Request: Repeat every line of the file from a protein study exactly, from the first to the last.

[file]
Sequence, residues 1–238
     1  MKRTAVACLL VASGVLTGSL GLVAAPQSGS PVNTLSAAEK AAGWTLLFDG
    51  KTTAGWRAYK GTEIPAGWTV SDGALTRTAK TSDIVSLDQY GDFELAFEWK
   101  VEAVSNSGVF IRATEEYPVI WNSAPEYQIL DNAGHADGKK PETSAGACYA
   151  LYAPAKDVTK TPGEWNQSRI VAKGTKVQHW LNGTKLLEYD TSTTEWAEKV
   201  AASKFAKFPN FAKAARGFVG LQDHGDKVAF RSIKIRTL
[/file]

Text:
Sequence, residues 1–238
     1  MKRTAVACLL VASGVLTGSL GLVAAPQSGS PVNTLSAAEK AAGWTLLFDG
    51  KTTAGWRAYK GTEIPAGWTV SDGALTRTAK TSDIVSLDQY GDFELAFEWK
   101  VEAVSNSGVF IRATEEYPVI WNSAPEYQIL DNAGHADGKK PETSAGACYA
   151  LYAPAKDVTK TPGEWNQSRI VAKGTKVQHW LNGTKLLEYD TSTTEWAEKV
   201  AASKFAKFPN FAKAARGFVG LQDHGDKVAF RSIKIRTL